Thursday, September 22, 2011


The written media has become lazy. Case in point: the newly-minted word adorkable This hybrid is apparently self-explanatory. I disagree. It may be an amalgam of adorable and dorky, or adorable and funky, or adorable and quirky.  In the interest of accuracy I checked Wikipedia where it doesn't rate a mention. 

Therefore,  I will elaborate.

The adorkable actress as a TV or movie character is always female and is pretty enough to be deemed extremely interesting, almost hot, except for her unique ability to be unaware of her own hotness, resulting in goofy non-sexually threatening behavior. Apparently adorkable women are too goofy to remember to check a mirror. The adorkables speak in a sing-songy, word over word slurring kind of way meant to remind us of a pre-pubescent child who has all the promise of life ahead of her.

I cut my eyeteeth on TV characters like this at a time when writers took more effort to explain and flesh out a character's character. Remember Goldie Hawn on Laugh-In? Suzanne Somers as Chrissy on Three's Company? These women were practically the springboard for every dumb blonde joke told in the seventies. Imagine our surprise when we realized years later that these women were smart, accomplished business women that have successfully kept their careers current.

But I offer this, a blonde cannot be termed adorkable, with one exception--I'll get to that later. That moniker is saved for brunettes only and therefore I offer up to you that I think Mary Tyler Moore, while always elegant and sophisticated had many comical moments that could have been attributed to her naive adorableness. This unique blend of sophistication and cluelessness was the basis for her terrific chemistry with Mr. Grant that was the first sighting of adorkableness more than forty years ago.

Marlo Thomas' character in That Girl  was another classic example, as well. I am aware that many of you under a ceratin age have stopped reading at this point. Two years ago my daughter discovered some old Mary Tyler Moore episodes online. She became instantly addicted to the quirky, brave Mary who paved the way for every woman today who chooses career first, a radical idea in the seventies. We were fascinated by these women and their accomplishments, wished we were them, and enjoyed their idiosyncrasies that made them approachable and friend-worthy.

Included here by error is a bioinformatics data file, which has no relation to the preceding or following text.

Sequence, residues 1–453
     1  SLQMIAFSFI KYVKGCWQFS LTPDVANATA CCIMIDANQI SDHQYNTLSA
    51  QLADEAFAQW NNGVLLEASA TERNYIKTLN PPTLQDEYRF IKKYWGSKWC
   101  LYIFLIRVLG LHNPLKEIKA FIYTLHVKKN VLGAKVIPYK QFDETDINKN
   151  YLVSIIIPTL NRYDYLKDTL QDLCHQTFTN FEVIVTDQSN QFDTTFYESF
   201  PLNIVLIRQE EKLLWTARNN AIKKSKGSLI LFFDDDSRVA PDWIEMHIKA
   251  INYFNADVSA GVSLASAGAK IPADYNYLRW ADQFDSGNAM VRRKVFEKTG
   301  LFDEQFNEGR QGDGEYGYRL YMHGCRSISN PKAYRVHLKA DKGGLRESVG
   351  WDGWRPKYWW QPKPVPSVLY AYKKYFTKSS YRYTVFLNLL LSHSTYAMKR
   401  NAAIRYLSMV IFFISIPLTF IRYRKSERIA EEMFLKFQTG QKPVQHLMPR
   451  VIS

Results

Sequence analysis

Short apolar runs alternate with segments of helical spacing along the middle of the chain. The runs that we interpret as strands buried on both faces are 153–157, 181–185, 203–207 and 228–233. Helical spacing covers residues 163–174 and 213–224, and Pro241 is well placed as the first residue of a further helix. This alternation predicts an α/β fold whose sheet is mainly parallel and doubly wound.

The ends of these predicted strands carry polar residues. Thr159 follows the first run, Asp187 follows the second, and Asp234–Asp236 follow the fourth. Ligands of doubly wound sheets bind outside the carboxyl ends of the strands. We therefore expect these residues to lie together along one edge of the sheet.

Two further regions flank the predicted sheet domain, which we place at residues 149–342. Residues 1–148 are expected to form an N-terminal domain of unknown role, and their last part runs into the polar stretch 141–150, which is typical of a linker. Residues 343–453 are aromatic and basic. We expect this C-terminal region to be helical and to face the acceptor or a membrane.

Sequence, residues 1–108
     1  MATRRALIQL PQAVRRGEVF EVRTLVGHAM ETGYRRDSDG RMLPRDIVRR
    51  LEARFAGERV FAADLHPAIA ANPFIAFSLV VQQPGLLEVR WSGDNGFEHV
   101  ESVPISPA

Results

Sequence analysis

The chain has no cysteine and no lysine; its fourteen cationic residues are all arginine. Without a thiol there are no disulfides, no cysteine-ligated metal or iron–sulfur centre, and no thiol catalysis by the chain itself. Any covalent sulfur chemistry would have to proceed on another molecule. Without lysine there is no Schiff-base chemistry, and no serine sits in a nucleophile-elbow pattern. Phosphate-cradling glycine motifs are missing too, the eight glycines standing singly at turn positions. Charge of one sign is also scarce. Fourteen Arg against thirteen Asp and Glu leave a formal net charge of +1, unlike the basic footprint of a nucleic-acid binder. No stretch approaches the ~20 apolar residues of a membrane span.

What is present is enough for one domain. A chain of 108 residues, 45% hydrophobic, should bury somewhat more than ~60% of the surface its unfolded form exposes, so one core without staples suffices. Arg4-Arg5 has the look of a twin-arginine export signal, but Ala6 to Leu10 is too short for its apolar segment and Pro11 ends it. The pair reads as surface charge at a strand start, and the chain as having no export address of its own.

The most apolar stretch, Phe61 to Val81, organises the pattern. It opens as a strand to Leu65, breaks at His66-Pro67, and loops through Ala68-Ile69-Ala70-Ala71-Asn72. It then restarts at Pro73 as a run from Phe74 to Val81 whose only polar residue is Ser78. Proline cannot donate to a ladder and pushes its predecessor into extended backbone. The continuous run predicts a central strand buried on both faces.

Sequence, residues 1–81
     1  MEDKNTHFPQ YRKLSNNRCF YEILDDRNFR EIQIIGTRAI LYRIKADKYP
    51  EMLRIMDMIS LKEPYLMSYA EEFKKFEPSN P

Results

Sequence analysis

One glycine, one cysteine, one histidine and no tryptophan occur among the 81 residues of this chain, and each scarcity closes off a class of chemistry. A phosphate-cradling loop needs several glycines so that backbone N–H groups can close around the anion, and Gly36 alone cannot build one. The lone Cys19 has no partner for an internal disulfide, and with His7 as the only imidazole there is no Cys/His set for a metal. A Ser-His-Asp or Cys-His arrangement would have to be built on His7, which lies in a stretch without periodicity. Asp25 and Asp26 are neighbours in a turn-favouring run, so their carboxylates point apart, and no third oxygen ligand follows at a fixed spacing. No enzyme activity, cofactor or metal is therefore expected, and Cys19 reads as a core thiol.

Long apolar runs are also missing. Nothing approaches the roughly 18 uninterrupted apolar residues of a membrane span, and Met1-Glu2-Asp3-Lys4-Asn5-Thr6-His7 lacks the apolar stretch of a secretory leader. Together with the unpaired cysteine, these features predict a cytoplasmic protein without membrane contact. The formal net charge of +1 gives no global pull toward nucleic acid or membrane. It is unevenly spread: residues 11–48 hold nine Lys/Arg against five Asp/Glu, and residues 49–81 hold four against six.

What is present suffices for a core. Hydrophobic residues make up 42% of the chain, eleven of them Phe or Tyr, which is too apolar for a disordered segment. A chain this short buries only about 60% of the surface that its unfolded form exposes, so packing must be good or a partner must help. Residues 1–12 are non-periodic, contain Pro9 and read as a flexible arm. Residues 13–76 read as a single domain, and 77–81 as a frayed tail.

Approachable does not equal dumb. Not by a long shot.

Back to the blonde haired exception--Taylor Swift. I'm not a follower, but I was impressed by her self-deprecating and winning turn on Saturday Night Live. She's enormously talented and remarkably self aware for someone who has grown up in the spotlight. Not to mention absolutely adorkable. But I'll add one more thing--she's sharp as a whip, you can see it in her eyes.

So, TV writers, don't be lazy. You can create a sitcom character that we can all adore and  relate to even on her most silly level, she can be blonde and most of all  she can even be smart.

Friday, September 16, 2011

Just When I Was Ready to Despair

I've had just about enough. No, I'm not talking about the frustration of having an unemployed college graduate or the decision about which colleges might work for my h.s. senior, seriously, film school? Even that sounds less crazy based on how well doctors, lawyers, and businessman are doing right now.

No, I'm talking about summer TV. Yes, we have made some strides in that department, kudos to you USA and Bravo. You really do try. And yes, I adore the craftily debonair Neal Caffrey and Harvey Specter, who has been a delight on Suits, but what lawyer wins every case? The writers got a bit sloppy there towards the end. Heidi and Tim, please, we need talented designers who are actually interesting, not fake interesting. Where are Christian Siriano and Chris March when we need them?